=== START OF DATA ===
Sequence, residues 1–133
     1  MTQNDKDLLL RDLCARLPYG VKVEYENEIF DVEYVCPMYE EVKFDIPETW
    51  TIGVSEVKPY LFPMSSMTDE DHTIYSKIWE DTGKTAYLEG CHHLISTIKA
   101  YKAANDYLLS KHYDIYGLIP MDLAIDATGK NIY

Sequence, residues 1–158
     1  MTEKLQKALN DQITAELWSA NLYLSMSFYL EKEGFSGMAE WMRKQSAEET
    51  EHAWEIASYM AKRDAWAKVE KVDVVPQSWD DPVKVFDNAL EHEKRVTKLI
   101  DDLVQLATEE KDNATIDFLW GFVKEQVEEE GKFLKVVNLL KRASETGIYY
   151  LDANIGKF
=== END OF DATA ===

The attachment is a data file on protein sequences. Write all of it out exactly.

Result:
Sequence, residues 1–133
     1  MTQNDKDLLL RDLCARLPYG VKVEYENEIF DVEYVCPMYE EVKFDIPETW
    51  TIGVSEVKPY LFPMSSMTDE DHTIYSKIWE DTGKTAYLEG CHHLISTIKA
   101  YKAANDYLLS KHYDIYGLIP MDLAIDATGK NIY

Sequence, residues 1–158
     1  MTEKLQKALN DQITAELWSA NLYLSMSFYL EKEGFSGMAE WMRKQSAEET
    51  EHAWEIASYM AKRDAWAKVE KVDVVPQSWD DPVKVFDNAL EHEKRVTKLI
   101  DDLVQLATEE KDNATIDFLW GFVKEQVEEE GKFLKVVNLL KRASETGIYY
   151  LDANIGKF